The ‘military-industrial complex’ to which Eisenhower drew striking attention in his valedictory address has now been joined by a penitentiary industrial complex, which gives building prisons priority over hospitals and schools. The prison-building lobby is now one of the most powerful in America, and appeals to government by arguing quite cynically that prisons reduce the unemployment figures by 2.5 million a year, and provide jobs for 500,000 prison wardens.

But all this has to be paid for by the taxpayers. This is in addition to the $1 trillion a year the US legal system costs to provide good livings to nearly 50 per cent of the world’s lawyers, who live in the US.

Conrad Black lays bare these ugly facts, and a great deal more, in his account. It should be widely read, especially by the politicians who can influence the extradition arrangements with America. In the process of justifying his business career, and refuting the charges brought against him, Black has written an important book and performed an invaluable public service.

 

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Show comments
  • JEB

    I love Paul Johnson; I think the “honest services” law is a bad one; I think that U.S. prosecutors have too much power and too little accountability; and I think that Conrad Black probably shouldn’t have been imprisoned. However, Mr. Johnson’s review does not support those opinions. His claim that “[t]he principal reason for California’s collapse economically is the soaring cost of her criminal and penitentiary system” is so obviously inferior to ones like, “The principal reason for California’s collapse economically is its long-term loss of manufacturing jobs,” “. . . is the long-term net emigration of educated, skilled, and taxpaying residents,” and “. . . is its burdensome regulations on businesses” that the reader is forced to conclude that Mr. Johnson has either absolutely no idea what he’s writing about (which is unlikely), or that he is so biased in favor of Mr. Black that he shouldn’t have reviewed this book. (Other passages that discredit Mr. Johnson include: “America’s criminal courts now insist on convictions at the expense of any other consideration, above all of justice. They are more like a court martial than a civilian establishment of law. The presumption of innocence has been abandoned[]” (oh calm down); and “The prison-building lobby is now one of the most powerful in America, and appeals to government by arguing quite cynically that prisons reduce the unemployment figures by 2.5 million a year, and provide jobs for 500,000 prison wardens[]” (but, actually, the prison population has been declining in the US for several years and the rate of decline is accelerating).).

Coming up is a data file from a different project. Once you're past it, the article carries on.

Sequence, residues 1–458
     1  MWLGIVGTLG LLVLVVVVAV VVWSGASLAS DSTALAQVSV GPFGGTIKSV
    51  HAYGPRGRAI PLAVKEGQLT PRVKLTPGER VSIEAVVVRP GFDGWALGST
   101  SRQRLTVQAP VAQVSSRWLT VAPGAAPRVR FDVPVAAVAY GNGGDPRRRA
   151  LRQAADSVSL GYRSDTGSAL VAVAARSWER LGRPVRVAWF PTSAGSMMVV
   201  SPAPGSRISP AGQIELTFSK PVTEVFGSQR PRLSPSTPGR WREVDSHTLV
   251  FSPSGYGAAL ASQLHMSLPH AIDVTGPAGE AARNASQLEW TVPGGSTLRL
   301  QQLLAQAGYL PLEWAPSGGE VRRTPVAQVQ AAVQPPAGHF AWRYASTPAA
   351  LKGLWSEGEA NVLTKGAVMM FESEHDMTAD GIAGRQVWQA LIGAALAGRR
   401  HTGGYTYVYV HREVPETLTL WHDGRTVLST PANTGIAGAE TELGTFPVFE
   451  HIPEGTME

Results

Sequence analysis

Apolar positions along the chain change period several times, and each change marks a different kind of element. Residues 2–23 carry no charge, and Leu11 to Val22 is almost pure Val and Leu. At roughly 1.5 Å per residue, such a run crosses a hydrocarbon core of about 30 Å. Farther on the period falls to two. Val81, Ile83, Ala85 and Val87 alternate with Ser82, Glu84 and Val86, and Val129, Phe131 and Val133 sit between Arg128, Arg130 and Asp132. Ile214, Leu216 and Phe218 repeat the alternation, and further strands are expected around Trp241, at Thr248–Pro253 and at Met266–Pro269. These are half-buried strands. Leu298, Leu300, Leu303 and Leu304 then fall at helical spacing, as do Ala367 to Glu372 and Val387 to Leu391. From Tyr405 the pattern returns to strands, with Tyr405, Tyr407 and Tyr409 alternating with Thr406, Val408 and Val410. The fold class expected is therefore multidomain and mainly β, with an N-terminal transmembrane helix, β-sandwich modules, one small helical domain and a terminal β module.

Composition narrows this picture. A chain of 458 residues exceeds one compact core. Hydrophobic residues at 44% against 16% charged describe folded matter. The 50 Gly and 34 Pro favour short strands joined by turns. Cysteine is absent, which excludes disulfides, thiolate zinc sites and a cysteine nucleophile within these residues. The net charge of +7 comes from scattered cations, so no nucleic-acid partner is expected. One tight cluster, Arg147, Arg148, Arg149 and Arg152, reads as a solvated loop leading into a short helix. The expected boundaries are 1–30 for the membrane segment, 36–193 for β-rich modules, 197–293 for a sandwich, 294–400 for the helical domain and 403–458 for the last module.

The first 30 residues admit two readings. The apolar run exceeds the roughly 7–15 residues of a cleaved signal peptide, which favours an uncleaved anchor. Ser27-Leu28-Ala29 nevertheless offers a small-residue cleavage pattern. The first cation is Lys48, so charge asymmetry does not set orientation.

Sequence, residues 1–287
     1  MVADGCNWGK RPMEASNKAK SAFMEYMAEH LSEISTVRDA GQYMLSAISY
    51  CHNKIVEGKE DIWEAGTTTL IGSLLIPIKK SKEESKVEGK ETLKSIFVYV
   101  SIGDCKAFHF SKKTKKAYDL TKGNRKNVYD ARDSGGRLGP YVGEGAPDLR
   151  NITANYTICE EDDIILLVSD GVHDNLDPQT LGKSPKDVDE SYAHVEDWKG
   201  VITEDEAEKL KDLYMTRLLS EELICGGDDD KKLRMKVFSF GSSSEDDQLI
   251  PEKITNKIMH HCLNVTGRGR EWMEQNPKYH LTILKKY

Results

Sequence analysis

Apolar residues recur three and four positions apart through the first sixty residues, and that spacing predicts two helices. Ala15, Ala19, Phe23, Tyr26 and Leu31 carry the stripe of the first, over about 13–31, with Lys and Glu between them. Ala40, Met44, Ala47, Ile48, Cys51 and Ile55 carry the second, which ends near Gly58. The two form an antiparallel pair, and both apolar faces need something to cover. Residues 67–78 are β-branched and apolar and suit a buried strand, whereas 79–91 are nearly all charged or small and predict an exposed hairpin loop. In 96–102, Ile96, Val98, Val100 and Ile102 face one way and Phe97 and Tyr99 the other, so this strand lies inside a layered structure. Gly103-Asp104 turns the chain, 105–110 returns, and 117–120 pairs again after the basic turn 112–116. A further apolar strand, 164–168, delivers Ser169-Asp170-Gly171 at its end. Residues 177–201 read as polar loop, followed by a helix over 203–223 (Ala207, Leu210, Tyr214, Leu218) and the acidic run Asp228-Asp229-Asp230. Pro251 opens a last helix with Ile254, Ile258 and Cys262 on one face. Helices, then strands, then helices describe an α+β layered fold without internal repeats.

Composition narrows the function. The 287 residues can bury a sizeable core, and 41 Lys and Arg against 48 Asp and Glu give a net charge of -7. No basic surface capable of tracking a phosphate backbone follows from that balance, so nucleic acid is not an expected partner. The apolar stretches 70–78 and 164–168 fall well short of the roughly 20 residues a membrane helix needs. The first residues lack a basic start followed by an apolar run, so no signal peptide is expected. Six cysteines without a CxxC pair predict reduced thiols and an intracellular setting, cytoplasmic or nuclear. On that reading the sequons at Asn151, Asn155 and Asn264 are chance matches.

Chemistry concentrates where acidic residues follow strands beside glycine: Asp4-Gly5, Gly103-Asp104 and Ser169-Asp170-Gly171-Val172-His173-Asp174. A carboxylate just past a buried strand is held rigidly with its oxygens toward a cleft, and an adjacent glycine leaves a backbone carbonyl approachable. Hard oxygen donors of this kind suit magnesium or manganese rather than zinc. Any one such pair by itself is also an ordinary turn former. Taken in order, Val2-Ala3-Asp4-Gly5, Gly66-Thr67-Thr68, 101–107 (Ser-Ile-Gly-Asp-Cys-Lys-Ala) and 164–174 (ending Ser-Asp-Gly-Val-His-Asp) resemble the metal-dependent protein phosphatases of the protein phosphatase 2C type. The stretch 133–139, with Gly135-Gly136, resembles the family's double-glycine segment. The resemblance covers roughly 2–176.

• http://www.facebook.com/donald.neill.3 Donald Neill

    As a Canadian who has followed Conrad Black’s case, and as a former military officer, I take exception only to Mr. Johnson’s denigration of courts-martial. I have served as a court martial officer on six separate occasions, and have invariably been impressed at the wisdom and sagacity displayed by senior military legal officers sitting in sole judgement. In the judicially streamlined atmosphere, there is far more scope for common sense, as evidenced by the ages-old military jest: “March the guilty ba$tard in!” This is not meant to imply presumption of guilt on the part of the accused – rather, that the CM would never have been convened in the first place if there were not sufficient objective evidence to suggest the likelihood of conviction. The reason courts-martial have a reasonably high conviction rate is because of the principle that no one is sent before a court martial unless the evidence is overwhelming. And even then, many members are acquitted due to extenuating circumstances, or evidence previously unavailable. And as with the Mikado, there is a more conscionable effort to “let the punishment fit the crime”, rather than tailoring it, as appears to have happened in Mr. Black’s case, on the basis of the identity and public profile of, and the judge’s animus for, the accused.
    Had I found myself in Lord Black’s pricey brogues and been given the choice between risking the US judicial system and a trial before a military court martial judge, I would have unhesitatingly chosen the latter. As a student of history, I suspect he would have done the same.

  • http://twitter.com/WinstonCN Winston Smith

    Interesting

  • vb

    “For every black who manages to get to college, the state sends three to jail…”